BY ALLISON LEVITSKY
Daily Post Staff Writer
Palo Alto school board member Ken Dauber slammed Santa Clara County Board of Supervisors President Joe Simitian Tuesday (May 15) for “killing” Stanford’s $138 million offer to fund the school district as part of the university’s 3.5 million-square-foot expansion.
Dauber said that if the school district ends up getting less funding from Stanford, Simitian will be blamed — “and properly, in my opinion.”
Simitian, himself a former Palo Alto school board member, previously criticized the side agreement as an attempt by Stanford to manipulate the county supervisors, who are ultimately responsible for approving the university’s expansion.
Stanford’s offer was conditioned on the requirement that the county reach a development agreement with the university over dealing with the impacts of the expansion. Usually, a county development proposal is subject to scrutiny by a planning commission and final approval by the board of supervisors, who would mitigate the impacts of the development through a list of conditions of approval. The conditions are discussed and approved in public. A development agreement, on the other hand, is typically negotiated behind closed doors, where the applicant and the county get into horse trading.
Simitian was concerned that if the school board accepted Stanford’s offer, he would be forced to deal with Stanford on the expansion project through a development agreement.
Simitian also accused Stanford of violating the ground rules of the development agreement process by making a side deal with the school board.
Stanford had offered to give the school district $121.9 million over 40 years, an average of $3.05 million a year.
Those fees would have started at $5,800 per student, ramped up and then ramped back down to $5,800 over 40 years. The starting and ending amount would have amounted to 30% of the $19,200 that the district currently spends per student.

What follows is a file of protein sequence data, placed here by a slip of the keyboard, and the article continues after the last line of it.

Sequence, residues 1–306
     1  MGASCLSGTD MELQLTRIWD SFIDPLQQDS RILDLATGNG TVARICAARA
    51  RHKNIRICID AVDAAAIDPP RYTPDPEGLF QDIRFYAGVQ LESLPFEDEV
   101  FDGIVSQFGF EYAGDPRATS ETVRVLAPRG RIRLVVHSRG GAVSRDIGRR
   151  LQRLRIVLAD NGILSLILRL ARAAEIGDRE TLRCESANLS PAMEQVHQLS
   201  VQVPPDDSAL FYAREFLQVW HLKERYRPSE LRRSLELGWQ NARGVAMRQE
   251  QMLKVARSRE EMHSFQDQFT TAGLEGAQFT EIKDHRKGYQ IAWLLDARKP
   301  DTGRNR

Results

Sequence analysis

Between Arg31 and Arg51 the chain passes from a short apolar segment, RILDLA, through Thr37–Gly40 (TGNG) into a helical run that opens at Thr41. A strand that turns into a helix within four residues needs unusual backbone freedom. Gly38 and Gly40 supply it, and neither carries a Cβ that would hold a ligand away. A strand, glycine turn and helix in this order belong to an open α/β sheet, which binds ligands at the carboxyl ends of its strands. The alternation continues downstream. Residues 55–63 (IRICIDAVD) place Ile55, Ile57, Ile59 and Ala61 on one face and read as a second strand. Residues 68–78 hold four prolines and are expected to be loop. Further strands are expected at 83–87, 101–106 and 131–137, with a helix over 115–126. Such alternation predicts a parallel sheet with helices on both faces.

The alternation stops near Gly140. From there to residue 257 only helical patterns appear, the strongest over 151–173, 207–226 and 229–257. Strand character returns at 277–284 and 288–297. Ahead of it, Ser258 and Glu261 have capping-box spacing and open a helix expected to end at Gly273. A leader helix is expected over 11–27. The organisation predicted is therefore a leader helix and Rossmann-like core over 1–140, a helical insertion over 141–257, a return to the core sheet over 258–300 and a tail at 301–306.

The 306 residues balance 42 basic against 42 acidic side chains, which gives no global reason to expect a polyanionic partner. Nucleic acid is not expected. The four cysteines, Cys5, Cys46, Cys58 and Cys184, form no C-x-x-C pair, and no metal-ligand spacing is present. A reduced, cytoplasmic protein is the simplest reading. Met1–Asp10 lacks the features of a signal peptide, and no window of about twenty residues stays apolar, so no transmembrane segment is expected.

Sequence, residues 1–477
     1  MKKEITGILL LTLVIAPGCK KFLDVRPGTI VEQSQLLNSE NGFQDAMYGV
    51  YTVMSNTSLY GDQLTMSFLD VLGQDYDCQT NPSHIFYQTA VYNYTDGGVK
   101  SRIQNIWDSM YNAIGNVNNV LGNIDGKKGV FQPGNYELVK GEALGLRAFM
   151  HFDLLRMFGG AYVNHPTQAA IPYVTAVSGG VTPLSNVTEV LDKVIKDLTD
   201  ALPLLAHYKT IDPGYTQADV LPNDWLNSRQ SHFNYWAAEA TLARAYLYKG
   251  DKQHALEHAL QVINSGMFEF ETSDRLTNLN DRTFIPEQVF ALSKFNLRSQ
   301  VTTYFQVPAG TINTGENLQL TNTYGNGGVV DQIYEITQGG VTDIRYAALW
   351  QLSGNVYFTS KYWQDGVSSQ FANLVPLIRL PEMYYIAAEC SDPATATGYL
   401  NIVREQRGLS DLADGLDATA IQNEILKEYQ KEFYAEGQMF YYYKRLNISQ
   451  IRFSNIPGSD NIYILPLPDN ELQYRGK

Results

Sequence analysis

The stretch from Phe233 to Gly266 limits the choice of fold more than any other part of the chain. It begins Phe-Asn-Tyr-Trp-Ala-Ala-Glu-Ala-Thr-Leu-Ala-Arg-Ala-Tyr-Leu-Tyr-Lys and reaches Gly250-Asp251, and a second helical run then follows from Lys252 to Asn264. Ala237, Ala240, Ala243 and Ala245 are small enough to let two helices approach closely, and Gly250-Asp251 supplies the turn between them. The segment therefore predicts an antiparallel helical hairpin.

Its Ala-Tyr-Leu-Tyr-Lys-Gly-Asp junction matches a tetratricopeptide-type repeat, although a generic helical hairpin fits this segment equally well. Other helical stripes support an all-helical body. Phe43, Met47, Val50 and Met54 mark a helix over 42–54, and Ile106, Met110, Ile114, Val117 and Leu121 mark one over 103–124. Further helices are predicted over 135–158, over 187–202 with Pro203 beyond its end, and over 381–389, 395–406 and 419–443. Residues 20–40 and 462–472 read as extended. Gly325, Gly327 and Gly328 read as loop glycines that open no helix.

Up to 500 additional students
Stanford expects to generate about 500 new K-12 students in the housing it plans to build for students and employees. University housing is tax-exempt, so the district won’t get any property taxes to pay for the education of the hundreds of new students.
The university is only required by law to pay the school district $4.2 million in developer fees.
Dauber and board Vice President Todd Collins both disagreed with Simitian’s assessment.
It was the first time Collins and Dauber had spoken publicly about Stanford’s offer. Both previously recused themselves because their wives work at the university, but were speaking last night because Stanford had withdrawn its offer.
Dauber called Simitian’s statements “inaccurate and ill-advised,” particularly objecting to the supervisor’s claim that Stanford’s offer to the school district amounted to the university holding a gun to the head of the county.
“I strongly suspect that Supervisor Simitian will himself regret having killed this agreement,” Dauber said. “The existence of this work took a major issue off his desk, and now it’s back on his desk.”
Dauber also contested Simitian’s claim that Stanford broke the development agreement ground rules.
Ground rules dispute
Under the ground rules, both Stanford and the county agreed not to “engage in discussions resulting in a deal between the party and the interested party that would be presented as a proposal during the negotiations period.”
The negotiations period was defined in those ground rules as between Nov. 30 and April 15. Stanford officials announced the side deal with the school district on April 15.
Dauber said that the side deal was in agreement with those ground rules, since there was “no agreement before April 15.”
“After April 15, there was only a proposed agreement. There is still no agreement,” Dauber said.
And Dauber pointed out that Simitian knew about and publicly encouraged the agreement between Stanford and the school district.
Simitian said last month that while he knew about the talks between Stanford and the school district, Superintendent Don Austin told him that the side deal was not conditional on any action by the county.
In fact, it was conditional on a development agreement.
Austin denied that to the Post last month, stating that it was likely a miscommunication between him and Simitian.
Collins said the district had done a good job of “establishing our need” for funding from Stanford and that the board needed to “stay firm and focused on what’s important.”
Austin said the district had entered “good-faith negotiations with Stanford very, very publicly” and that the university’s withdrawal of the offer amounted to a “pause.”
“I’m confident that Stanford is going to honor the work that we did together in good faith,” Austin said.